Hydrography, nutrients and abundance and distribution of zooplankton in Negombo Lagoon, Sri Lanka.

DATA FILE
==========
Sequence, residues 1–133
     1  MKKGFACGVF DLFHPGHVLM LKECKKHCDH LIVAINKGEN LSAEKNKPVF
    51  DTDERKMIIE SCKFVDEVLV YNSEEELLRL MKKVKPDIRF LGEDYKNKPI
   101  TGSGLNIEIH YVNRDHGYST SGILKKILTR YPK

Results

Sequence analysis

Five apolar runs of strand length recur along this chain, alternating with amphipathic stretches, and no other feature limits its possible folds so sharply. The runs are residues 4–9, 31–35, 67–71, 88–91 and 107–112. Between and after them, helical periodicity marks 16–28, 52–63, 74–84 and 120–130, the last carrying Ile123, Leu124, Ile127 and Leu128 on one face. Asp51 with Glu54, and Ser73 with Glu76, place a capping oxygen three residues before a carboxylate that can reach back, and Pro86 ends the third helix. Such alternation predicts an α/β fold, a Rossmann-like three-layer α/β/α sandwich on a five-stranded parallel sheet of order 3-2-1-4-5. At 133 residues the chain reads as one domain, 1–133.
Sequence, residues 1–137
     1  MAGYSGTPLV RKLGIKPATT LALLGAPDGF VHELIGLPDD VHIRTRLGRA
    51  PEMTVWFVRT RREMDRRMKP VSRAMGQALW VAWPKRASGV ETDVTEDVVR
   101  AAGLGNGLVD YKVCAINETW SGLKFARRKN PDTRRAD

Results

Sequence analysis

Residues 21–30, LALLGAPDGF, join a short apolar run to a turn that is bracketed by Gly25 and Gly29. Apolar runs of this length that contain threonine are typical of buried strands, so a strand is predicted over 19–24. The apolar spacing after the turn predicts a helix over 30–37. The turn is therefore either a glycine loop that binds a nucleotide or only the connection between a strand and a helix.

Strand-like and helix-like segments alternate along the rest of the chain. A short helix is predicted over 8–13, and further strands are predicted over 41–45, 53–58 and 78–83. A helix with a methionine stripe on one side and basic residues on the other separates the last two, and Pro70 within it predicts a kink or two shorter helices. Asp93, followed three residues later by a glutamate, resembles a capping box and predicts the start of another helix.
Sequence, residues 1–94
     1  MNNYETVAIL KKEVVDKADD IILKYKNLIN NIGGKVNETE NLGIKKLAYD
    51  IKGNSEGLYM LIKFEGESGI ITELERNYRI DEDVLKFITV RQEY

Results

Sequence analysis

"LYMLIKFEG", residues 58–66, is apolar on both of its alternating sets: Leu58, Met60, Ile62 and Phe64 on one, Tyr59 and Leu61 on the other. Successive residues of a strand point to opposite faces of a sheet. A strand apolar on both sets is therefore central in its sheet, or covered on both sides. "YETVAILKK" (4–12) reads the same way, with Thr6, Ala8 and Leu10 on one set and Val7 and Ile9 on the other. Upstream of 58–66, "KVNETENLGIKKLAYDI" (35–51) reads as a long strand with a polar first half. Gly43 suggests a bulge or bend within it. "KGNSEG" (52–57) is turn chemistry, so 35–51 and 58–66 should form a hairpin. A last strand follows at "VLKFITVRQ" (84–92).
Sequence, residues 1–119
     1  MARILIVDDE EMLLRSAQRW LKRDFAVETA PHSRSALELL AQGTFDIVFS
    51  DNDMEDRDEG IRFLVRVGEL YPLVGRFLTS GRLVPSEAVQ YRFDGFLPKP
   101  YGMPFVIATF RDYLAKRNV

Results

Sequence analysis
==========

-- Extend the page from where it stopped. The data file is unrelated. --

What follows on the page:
Negombo Lagoon is a productive fishing ground and also a sink for many anthropogenic effluents draining from its surrounding urban area. The seasonal abundance and distribution of zooplankton were investigated in relation to some physico-chemical parameters of the lagoon from March 2008 to September 2009. Zooplankton and surface water samples were collected from five sampling sites where effluents are discharged to the lagoon and analyzed using standard methods. Lagoon salinity ranged spatially from 0 - 25 ppt and mean monthly salinity varied from 1.08 ±1.75 to 15.23 ±5.33 ppt. Surface water temperature varied from 26.0 to 34.10C whereas mean pH ranged between 7.34 ± 0.32 and 8.02 ± 0.48. Variation of mean dissolved oxygen as between 5.73 ± 2.49 mg/l and 7.00 ± 1.87 mg/l. Micro-crustaceans represented the major component of zooplankton assemblage and ranged from 54.37 to 84.33% throughout the study period. A higher percentage of freshwater cladocerans was recorded during low salinity period (February-April, 2009) in Dundugam Oya and from April to June in Hamilton canal, the main freshwater inlets of the lagoon. Mean cladoceran density in Dandugam Oya was (1.96±3.50 individuals/l) higher compared to the cladoceran density in Hamilton canal (0.47±1.10 number/l). Nevertheless there was no significant relationship between salinity and the density of cladoceran. A positive significant correlation was found nitrate-N concentration and copepod density (r = 0.804; p<0.01) for the site in Dungalpitiya, where rotifer density did not show positive relationship but correlated positively with phosphate-P concentration although it was statistically insignificant (r = 0.489; p>0.05). Further, rotifer density in Madabokka area showed a positive and significant relationship with nitrite-N concentration (r = 0.731; p<0.01). The molluscan abundance showed a significantly positive correlation with salinity (r = 0.713; p<0.01) for the Dandugan Oya site. High concentration of phosphate and occurrence of pollution indicator species reveal organic pollution in the lagoon. Abundance of plankton was strongly influenced by the water circulation pattern and direct or indirect human impacts that occur at each site of the lagoon.